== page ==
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ellefruit
Dec 11, 2011, 11:51 PM
Hi all,

I've been a very silly girl -_-

Last week I spilt a glass of milk right into the back of my new MBA.
We're talking right into the hinge.
Direct access to all the precious innards.
It wasn't pretty.

So like any other panic-stricken person I frantically looked up how best to treat spillages and naturally the uncooked rice trick came up a dozen times.
Thinking I had nothing to lose, I went ahead and smothered my baby in grains.

Fast forward a few days, the rice trick hadn't worked - I pretty much new it wouldn't because I'd been using the machine at the time. I got to witness it short; fun times. Instead, I had a non-functional MBA with rice grains stuck inside the hinge.

My question is this: Apple have of course let me know there is nothing they can do to help me, but thankfully because it was such a recent purchase, I was covered for accidental damage on my credit card. To claim, I'll need an estimate for repair. Are the rice grains going to be a problem?? Should I try to remove them before requesting an estimate? (may require opening up the case, they're pretty tangled up in there)

Sorry for the boring question! Any help is appreciated as I just can't afford to replace it myself >_<



r.j.s
Dec 11, 2011, 11:52 PM
Yes, I'd remove them ... unless the repair place won't care.

blueroom
Dec 11, 2011, 11:54 PM
Just say you were eating rice pudding. Shouldn't make any difference to the insurance claim.

ezramoore
Dec 12, 2011, 12:20 AM
Just say you were eating rice pudding. Shouldn't make any difference to the insurance claim.

This.

Also, go buy some of this. Much better than rice.

http://h2out.com/products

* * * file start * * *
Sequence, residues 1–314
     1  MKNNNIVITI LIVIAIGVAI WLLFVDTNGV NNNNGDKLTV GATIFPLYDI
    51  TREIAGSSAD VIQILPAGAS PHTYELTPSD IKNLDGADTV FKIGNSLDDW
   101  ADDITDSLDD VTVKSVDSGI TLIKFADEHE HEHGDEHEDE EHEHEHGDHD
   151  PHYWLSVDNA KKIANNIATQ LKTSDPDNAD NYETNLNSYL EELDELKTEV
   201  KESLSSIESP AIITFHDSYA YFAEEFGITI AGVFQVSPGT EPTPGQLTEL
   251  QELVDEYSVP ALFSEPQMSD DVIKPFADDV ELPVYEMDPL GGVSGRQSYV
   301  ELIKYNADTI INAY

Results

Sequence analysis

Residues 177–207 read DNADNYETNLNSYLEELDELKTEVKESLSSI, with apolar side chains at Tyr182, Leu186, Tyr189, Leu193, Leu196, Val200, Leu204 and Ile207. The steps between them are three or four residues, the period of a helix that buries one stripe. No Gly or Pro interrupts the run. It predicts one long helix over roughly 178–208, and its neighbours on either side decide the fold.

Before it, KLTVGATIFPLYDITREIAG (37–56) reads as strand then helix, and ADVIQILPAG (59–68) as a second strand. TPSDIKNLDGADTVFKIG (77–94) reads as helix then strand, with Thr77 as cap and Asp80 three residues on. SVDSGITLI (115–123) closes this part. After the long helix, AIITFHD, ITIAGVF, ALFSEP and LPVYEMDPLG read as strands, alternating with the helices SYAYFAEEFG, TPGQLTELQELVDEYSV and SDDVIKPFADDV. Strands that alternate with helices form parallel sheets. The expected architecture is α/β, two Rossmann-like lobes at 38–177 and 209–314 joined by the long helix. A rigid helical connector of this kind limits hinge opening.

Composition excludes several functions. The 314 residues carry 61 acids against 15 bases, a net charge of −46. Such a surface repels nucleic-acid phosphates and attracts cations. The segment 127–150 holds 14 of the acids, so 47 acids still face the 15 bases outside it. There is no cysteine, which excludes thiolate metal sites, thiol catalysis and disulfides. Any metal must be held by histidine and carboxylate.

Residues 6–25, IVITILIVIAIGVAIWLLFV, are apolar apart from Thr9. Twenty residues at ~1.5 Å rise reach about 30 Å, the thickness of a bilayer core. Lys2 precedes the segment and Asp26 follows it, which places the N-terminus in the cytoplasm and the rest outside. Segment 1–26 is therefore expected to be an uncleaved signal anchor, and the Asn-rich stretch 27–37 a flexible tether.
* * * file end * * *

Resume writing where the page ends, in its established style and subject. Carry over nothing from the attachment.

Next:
ellefruit
Dec 12, 2011, 12:49 AM
Just say you were eating rice pudding. Shouldn't make any difference to the insurance claim.

OK. Thats a relief! Perhaps then I shouldn't even bother to point it out? Though I usually go for full disclosure.

Also, @ezramoore: Thanks, bookmarked for future reference! Although I plan to keep my computers at least 3 metres from any liquids hereafter.

ezramoore
Dec 12, 2011, 01:04 AM
OK. Thats a relief! Perhaps then I shouldn't even bother to point it out? Though I usually go for full disclosure.

It is likely they won't even care. They may not even ask you any questions regarding the circumstances.


Also, @ezramoore: Thanks, bookmarked for future reference! Although I plan to keep my computers at least 3 metres from any liquids hereafter.

I know the inventor personally, he is a talented guy. Doing incredible things for fisheries industry, etc.

Good idea to keep liquids away from your computer. I always give that advice, but rarely follow it myself, so I like to give people the h2out info.

I use it at my business for this precise situation.

molala
Dec 12, 2011, 01:12 AM
Wirelessly posted (Opera/9.80 (iPhone; Opera Mini/6.1.15738/26.1283; U; en) Presto/2.8.119 Version/10.54)

Just tell them when asked. Good luck.

oneMadRssn
Dec 12, 2011, 04:42 PM
Good luck getting someone to estimate the repair cost. A few years ago, I had a macbook pro which I dropped (from the top bunk of my then dorm room no less). I had accidental damage insurance, though that didn't save all my homework which wasn't backed up. In filing the claim, they wanted a letter from an apple repair place that it was unfixable. The apple store on boylston st in Boston which was down the street looked at me like I was crazy when I asked for such a letter.

Even though the computer was clearly obliterated, they sent it out for repair and a week later it came back with a letter saying the computer is repairable, but not economically so, therefore they wouldn't do the repair. To the insurance company, this was not good enough, as they told me to just get it repaired then if its repairable. But apple wouldn't repair it, because it was not economically feasible; round and round I went.

Eventually, I had to talk to an Apple manager at that store to whom I explained that if he just wrote me a letter saying the computer isn't repairable, I will walk in the next day and buy a replacement right then and there. He did give me such a letter, which satisfied the insurance rep who cleared my payment, and I did in fact buy a new one the next day.

KPOM
Dec 13, 2011, 07:06 AM
When I spilled something on my 2010 MacBook Air the estimate for repair was $755. That was to replace the logic board, a few other parts, and clean the case. That was from Apple.